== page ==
connection to the energy limiter and not with direct connection
to the timer. The timer stays independent, but the energy
limiter may inform the timer about the end of the energy
supply.” They also add” The SET must store and display
energy amount used and motor run time”

Reason: The measurement method of the motor run in models
without limiter is very complicate and difficult applicable in
practice. As in this case the motor run is not to be timed in
flight, the compliance of the correct run time is not possible. A
rule which cannot be controlled should not to be used.
Energy limiters are approved devices also in other
aeromodelling categories. Reliable limiters which meets the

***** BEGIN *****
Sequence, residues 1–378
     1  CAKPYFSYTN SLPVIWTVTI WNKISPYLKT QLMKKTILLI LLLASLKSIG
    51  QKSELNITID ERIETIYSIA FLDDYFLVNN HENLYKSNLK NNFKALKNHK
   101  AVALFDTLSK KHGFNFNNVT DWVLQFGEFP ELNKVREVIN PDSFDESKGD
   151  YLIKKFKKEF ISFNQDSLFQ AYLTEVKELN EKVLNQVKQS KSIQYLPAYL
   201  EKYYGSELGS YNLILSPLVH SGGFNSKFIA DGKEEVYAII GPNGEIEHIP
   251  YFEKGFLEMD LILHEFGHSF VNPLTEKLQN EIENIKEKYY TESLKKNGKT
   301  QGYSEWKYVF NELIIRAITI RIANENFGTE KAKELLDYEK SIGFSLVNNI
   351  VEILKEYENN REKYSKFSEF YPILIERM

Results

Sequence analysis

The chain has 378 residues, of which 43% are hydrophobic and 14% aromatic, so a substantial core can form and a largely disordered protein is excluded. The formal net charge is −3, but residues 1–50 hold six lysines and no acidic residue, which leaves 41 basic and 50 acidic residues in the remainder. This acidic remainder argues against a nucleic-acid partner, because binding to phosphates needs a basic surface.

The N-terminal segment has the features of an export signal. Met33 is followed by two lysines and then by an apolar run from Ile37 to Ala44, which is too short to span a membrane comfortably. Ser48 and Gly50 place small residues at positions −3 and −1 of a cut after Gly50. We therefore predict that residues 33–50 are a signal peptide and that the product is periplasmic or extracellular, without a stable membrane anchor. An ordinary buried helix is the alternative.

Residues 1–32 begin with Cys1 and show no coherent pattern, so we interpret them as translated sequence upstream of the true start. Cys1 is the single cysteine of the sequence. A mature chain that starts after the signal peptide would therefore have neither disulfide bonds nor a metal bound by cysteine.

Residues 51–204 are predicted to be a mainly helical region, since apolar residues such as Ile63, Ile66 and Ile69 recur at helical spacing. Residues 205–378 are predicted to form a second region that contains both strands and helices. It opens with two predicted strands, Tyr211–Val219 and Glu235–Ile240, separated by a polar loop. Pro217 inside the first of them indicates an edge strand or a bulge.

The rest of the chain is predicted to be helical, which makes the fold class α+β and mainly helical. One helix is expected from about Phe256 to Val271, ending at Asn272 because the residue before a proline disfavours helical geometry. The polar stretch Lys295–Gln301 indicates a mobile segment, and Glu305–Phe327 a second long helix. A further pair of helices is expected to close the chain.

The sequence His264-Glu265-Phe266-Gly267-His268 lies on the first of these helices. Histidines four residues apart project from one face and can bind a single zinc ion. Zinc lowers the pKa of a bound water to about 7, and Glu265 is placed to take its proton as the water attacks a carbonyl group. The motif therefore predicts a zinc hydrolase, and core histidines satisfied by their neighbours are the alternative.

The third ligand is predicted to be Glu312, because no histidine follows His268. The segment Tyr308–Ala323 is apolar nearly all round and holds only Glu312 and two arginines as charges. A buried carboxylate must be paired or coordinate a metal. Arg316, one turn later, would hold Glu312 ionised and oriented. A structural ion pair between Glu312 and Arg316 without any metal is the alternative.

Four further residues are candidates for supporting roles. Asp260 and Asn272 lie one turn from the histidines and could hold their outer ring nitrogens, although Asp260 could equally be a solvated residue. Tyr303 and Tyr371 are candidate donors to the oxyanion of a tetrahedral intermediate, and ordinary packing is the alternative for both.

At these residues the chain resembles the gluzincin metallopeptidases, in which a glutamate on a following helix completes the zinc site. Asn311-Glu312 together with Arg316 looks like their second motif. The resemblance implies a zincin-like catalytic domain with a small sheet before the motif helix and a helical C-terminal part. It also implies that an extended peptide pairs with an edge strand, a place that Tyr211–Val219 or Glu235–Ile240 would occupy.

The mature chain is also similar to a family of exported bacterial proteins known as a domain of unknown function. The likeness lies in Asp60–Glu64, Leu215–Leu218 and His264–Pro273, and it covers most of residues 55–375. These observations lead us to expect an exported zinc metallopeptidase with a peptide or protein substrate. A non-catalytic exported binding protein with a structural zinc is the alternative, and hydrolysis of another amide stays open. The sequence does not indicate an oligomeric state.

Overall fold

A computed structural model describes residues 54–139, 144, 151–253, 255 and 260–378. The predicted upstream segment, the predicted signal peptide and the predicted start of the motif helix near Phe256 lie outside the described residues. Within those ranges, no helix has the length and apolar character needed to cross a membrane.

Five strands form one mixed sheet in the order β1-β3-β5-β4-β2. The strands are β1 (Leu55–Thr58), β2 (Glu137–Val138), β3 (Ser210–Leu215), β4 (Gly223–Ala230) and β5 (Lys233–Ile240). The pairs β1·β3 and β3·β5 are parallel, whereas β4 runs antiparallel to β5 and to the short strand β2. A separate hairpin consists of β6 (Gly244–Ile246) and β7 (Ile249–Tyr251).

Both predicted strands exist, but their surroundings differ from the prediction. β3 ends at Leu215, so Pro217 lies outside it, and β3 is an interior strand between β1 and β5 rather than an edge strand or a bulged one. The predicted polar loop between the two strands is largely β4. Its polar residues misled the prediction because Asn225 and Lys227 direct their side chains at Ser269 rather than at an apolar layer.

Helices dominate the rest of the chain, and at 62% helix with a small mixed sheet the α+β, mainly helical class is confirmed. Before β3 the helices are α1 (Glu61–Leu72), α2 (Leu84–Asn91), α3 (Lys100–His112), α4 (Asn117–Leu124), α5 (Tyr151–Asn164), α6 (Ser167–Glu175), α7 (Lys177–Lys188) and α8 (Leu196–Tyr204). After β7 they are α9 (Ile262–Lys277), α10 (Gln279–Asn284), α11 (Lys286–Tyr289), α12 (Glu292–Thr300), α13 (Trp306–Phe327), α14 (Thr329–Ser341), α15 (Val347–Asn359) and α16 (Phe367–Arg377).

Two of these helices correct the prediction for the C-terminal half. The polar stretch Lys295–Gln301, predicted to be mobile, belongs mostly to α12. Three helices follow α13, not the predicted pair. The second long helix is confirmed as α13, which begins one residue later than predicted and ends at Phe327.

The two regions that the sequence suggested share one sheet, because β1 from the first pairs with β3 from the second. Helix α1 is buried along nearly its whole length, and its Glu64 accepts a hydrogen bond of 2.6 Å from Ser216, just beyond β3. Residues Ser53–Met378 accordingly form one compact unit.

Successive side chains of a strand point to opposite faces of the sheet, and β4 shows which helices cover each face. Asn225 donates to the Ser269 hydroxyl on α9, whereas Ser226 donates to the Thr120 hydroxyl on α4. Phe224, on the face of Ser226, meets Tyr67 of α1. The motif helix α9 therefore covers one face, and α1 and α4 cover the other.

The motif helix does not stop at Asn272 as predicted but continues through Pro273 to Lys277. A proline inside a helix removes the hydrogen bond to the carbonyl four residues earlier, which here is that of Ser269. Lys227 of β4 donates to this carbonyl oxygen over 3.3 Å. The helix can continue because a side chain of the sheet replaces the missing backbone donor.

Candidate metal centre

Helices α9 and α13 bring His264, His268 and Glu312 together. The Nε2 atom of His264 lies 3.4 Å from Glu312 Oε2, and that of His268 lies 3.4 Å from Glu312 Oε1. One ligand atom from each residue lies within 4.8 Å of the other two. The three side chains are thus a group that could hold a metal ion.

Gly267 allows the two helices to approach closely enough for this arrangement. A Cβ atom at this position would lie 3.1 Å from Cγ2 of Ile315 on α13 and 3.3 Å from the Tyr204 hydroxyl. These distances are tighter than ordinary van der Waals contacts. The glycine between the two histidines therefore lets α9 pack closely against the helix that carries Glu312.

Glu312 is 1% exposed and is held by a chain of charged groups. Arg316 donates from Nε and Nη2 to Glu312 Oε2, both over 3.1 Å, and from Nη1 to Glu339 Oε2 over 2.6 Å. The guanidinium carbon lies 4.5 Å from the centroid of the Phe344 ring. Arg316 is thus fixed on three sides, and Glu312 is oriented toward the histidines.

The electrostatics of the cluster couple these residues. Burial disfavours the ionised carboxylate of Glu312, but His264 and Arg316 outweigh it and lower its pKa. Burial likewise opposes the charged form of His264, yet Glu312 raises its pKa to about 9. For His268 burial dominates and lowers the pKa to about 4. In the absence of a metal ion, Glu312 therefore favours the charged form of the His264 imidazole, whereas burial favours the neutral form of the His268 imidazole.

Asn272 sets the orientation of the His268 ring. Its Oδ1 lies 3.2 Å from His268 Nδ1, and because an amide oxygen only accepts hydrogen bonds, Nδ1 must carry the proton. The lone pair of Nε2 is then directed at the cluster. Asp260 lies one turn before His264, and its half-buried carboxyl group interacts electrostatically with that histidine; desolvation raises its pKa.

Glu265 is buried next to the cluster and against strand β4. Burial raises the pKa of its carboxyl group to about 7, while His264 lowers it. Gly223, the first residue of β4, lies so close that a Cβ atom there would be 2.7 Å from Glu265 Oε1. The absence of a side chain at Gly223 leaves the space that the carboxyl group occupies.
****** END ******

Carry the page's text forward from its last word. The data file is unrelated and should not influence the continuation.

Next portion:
requirements are available on the market and also as an open
source project for self-made (for saving costs). The stored data
are replicable and verifiable. Limiter can be verified by the
CIAM EDIC commission.
The independence from the other electronic control
components (timer) is required to avoid manipulations by
software.

6) USA propose to add a new item:
Flyoffs: If required, the jury or contest director may reduce the
energy budget by 0.5Joules/gram decrements together with 5
second decrements in the maximum motor run for flyoffs as
follows:
3.5J/gr with 35 sec maximum motor run
3.0J/gr with 30 sec maximum motor run
2.5J/gr with 25 sec maximum motor run

Reason: The rule proposal retains the energy multiplier and the
max motor run, but allows their proportional reduction in